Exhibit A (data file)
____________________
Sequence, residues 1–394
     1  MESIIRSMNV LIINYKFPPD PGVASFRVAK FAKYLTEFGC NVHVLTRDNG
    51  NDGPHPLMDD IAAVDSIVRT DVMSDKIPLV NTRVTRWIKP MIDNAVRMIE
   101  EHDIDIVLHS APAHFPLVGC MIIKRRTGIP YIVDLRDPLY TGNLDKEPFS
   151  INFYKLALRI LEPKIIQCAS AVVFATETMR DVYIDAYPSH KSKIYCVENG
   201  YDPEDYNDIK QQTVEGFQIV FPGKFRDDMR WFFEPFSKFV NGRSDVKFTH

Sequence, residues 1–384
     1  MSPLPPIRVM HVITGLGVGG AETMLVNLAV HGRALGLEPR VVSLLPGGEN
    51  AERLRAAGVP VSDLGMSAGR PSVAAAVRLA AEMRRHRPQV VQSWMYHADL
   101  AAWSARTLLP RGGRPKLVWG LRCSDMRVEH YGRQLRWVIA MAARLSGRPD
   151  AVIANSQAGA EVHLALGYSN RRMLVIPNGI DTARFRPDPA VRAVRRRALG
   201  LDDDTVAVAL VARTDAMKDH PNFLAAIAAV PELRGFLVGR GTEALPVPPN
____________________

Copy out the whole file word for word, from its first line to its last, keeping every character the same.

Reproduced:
Sequence, residues 1–394
     1  MESIIRSMNV LIINYKFPPD PGVASFRVAK FAKYLTEFGC NVHVLTRDNG
    51  NDGPHPLMDD IAAVDSIVRT DVMSDKIPLV NTRVTRWIKP MIDNAVRMIE
   101  EHDIDIVLHS APAHFPLVGC MIIKRRTGIP YIVDLRDPLY TGNLDKEPFS
   151  INFYKLALRI LEPKIIQCAS AVVFATETMR DVYIDAYPSH KSKIYCVENG
   201  YDPEDYNDIK QQTVEGFQIV FPGKFRDDMR WFFEPFSKFV NGRSDVKFTH

Sequence, residues 1–384
     1  MSPLPPIRVM HVITGLGVGG AETMLVNLAV HGRALGLEPR VVSLLPGGEN
    51  AERLRAAGVP VSDLGMSAGR PSVAAAVRLA AEMRRHRPQV VQSWMYHADL
   101  AAWSARTLLP RGGRPKLVWG LRCSDMRVEH YGRQLRWVIA MAARLSGRPD
   151  AVIANSQAGA EVHLALGYSN RRMLVIPNGI DTARFRPDPA VRAVRRRALG
   201  LDDDTVAVAL VARTDAMKDH PNFLAAIAAV PELRGFLVGR GTEALPVPPN